IN THIS CHAPTER
Working with shell scripts
Doing arithmetic in shell scripts
Running loops and cases in shell scripts
Creating simple shell scripts
You'd never get any work done if you typed every command that needs to be run on your Linux system when it starts. Likewise, you could work more efficiently if you grouped together sets of commands that you run all the time. Shell scripts can handle these tasks.
A shell script is a group of commands, functions, variables, or just about anything else you can use from a shell. These items are typed into a plain text file. That file can then be run as a command. Linux systems have traditionally used system initialization shell scripts during system startup to run commands needed to get services going. You can create your own shell scripts to automate the tasks you need to do regularly.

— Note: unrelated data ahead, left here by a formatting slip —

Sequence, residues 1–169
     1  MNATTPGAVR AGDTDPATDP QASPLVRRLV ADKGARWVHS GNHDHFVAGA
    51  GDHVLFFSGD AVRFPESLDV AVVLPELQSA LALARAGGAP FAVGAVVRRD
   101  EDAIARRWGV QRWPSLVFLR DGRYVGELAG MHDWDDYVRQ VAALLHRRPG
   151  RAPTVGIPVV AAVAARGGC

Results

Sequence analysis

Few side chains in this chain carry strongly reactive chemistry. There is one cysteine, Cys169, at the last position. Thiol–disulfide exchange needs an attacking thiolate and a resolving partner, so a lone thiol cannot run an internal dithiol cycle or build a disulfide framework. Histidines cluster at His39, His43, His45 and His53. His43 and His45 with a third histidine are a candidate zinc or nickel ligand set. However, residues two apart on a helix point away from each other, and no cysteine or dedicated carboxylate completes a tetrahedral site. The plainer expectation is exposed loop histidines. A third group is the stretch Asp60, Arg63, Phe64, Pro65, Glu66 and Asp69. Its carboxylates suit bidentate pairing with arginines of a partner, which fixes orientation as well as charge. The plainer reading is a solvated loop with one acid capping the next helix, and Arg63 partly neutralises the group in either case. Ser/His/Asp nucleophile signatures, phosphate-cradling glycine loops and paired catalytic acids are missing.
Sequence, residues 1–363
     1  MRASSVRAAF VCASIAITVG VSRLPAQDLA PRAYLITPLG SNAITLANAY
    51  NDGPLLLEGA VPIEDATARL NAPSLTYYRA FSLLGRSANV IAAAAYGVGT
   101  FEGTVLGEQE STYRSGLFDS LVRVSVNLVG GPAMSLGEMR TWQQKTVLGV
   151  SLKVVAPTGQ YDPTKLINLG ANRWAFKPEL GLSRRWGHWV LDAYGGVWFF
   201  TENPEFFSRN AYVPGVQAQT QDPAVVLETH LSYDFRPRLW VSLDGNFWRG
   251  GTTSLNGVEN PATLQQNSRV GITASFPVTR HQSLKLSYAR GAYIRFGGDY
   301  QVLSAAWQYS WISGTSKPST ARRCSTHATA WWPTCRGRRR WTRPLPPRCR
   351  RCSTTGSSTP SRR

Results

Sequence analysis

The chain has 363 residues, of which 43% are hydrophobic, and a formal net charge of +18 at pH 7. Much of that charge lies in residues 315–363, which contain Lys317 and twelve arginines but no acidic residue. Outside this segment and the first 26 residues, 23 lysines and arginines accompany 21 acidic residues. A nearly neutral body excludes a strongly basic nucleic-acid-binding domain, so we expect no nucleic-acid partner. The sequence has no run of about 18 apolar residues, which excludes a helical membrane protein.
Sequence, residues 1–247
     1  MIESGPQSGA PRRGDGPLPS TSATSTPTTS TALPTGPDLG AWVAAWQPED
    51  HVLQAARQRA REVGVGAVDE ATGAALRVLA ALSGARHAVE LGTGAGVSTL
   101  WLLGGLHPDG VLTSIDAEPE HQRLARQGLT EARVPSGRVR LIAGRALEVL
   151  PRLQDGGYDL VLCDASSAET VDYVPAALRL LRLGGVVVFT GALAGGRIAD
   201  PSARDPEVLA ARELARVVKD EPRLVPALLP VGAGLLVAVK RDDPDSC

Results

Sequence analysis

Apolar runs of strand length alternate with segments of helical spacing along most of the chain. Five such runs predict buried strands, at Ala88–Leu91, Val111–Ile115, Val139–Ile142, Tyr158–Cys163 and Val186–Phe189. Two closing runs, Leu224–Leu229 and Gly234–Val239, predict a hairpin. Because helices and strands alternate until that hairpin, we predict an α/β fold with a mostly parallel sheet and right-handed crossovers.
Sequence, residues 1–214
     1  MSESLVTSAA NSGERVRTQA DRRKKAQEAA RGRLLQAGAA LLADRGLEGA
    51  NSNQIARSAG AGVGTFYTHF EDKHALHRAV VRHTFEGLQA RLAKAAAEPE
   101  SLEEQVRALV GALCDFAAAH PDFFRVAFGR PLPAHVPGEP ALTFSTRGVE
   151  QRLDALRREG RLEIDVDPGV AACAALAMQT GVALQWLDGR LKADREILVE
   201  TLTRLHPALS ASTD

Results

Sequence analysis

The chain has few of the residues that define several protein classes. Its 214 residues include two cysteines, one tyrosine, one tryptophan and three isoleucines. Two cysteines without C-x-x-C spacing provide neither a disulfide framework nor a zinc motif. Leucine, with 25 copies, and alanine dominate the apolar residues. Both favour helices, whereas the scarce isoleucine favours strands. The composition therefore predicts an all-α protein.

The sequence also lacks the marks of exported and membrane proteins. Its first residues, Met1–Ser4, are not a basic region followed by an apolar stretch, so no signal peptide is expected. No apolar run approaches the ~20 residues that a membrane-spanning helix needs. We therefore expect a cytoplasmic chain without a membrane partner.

This chapter provides a rudimentary overview of the inner workings of shell scripts and how they can be used. You learn how simple scripts can be harnessed to a scheduling facility (such as cron or at) to simplify administrative tasks or just run on demand as they are needed.
Have you ever had a task that you needed to do over and over that took lots of typing on the command line? Do you ever think to yourself, “Wow, I wish I could just type one command to do all this”? Maybe a shell script is what ...